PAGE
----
You May Like

How to Safeguard Your Mobile Privacy

As the digital world becomes more mobile, so too do concerns about eroding privacy and increased hacking More

'Desert Dancer' Chronicles Iranian Underground Dance Troupe

Film by Richard Raymond is based on true story of Afshin Ghaffarian and his friends More

Audio Top 5 Songs for Week Ending May 23

This week's lineup can be summed up like this: 'It's The Same Old Song' - but they're great songs - featuring Walk The Moon, The Weeknd, Wiz Khalifa and Charlie Puth More

This forum has been closed.
Comments
     
There are no comments in this forum. Be first and add one

Featured Videos

Your JavaScript is turned off or you have an old version of Adobe's Flash Player. Get the latest Flash player.
Female American Soldiers: Healing Through Filmmakingi
X
Bernard Shusman
May 24, 2015 2:55 PM
According to the United States Defense Department, there are more than 200-thousand women serving in the U.S. Armed Forces.  Like their male counterparts, females have experiences that can be very traumatic.  VOA's Bernard Shusman tells us about a program that is helping some American women in the military heal through filmmaking.
Video

Video Female American Soldiers: Healing Through Filmmaking

According to the United States Defense Department, there are more than 200-thousand women serving in the U.S. Armed Forces.  Like their male counterparts, females have experiences that can be very traumatic.  VOA's Bernard Shusman tells us about a program that is helping some American women in the military heal through filmmaking.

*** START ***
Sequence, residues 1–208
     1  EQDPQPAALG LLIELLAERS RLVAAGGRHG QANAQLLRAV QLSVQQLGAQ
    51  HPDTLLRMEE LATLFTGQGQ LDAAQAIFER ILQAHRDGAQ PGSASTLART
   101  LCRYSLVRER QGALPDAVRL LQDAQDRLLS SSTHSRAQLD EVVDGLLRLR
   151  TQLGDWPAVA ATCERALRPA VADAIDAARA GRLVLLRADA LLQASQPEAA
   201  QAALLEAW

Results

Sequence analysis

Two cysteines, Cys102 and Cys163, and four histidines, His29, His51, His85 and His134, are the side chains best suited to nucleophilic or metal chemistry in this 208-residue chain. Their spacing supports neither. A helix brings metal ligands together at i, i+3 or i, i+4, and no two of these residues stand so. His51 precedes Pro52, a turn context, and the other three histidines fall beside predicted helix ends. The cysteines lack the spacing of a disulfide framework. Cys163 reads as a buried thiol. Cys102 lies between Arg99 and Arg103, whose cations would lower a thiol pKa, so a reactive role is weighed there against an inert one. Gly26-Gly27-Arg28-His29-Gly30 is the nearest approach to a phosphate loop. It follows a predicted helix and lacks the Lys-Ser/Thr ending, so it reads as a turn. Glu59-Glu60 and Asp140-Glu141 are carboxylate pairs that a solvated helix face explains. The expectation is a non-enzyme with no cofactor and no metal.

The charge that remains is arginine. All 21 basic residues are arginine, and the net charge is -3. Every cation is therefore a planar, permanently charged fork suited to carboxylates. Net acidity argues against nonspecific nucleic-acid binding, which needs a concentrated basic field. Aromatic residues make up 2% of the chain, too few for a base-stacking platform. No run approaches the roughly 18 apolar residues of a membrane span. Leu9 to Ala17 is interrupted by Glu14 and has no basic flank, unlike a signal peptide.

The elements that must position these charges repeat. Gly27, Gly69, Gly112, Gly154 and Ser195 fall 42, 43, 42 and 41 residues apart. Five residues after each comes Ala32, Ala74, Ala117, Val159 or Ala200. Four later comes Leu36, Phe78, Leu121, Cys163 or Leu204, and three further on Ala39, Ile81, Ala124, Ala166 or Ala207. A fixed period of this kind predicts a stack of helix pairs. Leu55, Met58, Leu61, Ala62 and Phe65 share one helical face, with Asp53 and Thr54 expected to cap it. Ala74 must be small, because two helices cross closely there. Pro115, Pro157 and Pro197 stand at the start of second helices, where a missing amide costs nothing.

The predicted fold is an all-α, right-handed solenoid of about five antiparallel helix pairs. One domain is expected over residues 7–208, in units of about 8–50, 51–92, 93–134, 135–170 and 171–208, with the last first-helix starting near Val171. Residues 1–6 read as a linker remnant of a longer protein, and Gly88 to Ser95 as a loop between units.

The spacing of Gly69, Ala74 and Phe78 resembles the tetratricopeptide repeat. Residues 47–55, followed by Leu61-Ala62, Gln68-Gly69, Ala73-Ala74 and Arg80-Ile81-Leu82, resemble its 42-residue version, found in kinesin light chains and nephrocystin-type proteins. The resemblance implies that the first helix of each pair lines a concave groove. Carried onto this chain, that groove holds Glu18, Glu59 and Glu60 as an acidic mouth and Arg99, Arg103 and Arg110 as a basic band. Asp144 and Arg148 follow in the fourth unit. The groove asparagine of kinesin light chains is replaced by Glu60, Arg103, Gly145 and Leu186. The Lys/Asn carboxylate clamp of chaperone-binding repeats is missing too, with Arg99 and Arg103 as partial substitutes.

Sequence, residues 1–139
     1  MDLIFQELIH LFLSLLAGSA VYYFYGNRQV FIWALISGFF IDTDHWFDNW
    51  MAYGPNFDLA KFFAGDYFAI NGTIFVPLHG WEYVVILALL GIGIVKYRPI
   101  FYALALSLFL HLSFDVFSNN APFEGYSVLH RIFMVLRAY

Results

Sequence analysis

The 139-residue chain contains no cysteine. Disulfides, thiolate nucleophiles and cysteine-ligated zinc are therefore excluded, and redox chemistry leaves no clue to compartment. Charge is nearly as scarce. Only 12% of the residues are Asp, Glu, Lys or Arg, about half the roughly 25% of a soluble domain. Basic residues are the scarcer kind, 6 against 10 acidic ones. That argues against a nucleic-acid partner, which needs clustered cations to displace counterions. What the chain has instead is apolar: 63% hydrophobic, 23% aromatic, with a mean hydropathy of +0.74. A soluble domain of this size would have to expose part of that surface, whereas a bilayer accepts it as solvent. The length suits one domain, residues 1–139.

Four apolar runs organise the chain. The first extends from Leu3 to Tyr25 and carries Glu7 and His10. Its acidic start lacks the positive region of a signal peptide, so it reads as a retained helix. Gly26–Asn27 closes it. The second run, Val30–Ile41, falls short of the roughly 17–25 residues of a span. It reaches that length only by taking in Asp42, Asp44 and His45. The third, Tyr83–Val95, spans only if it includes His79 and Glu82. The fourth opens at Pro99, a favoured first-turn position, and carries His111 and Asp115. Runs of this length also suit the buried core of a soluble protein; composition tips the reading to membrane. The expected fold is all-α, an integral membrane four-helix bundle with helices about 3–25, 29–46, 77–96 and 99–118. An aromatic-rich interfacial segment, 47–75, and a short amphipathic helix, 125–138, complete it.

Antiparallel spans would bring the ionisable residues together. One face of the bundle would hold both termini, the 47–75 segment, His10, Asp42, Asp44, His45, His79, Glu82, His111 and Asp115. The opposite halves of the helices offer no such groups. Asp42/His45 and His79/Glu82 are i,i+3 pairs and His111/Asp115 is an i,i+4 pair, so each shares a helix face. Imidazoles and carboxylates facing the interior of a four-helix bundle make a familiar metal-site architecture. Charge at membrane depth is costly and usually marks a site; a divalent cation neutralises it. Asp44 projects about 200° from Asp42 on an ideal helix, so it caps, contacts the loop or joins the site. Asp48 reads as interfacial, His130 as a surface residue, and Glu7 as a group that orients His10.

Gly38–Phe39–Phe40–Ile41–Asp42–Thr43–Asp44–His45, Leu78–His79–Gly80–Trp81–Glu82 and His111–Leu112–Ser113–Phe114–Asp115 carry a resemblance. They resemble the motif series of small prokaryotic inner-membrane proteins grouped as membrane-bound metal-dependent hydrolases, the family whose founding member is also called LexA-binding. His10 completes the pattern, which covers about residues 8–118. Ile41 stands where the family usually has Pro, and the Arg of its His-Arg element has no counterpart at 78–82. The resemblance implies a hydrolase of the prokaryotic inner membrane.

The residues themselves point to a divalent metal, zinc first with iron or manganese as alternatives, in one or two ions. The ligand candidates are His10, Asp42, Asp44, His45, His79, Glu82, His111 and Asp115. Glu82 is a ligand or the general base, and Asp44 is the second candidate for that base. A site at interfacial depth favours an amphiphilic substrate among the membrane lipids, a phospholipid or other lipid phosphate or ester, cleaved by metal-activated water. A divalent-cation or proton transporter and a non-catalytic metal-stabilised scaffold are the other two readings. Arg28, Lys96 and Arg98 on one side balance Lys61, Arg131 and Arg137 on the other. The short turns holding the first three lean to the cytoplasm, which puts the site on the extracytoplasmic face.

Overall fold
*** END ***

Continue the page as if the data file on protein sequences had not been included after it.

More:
Video

Video Rolling Thunder Run Reveals Changed Attitudes Towards Vietnam War

For many US war veterans, the Memorial Day holiday is an opportunity to look back at a divisive conflict in the nation’s history and to remember those who did not make it home.
Video

Video Millions Flock to Ethiopia Polls

Millions of Ethiopians cast their votes Sunday in the first national election since the 2012 death of longtime leader Meles Zenawi. Mr. Meles' party, the Ethiopian People's Revolutionary Democratic Front, is almost certain of victory again. VOA's Anita Powell reports from Addis Ababa.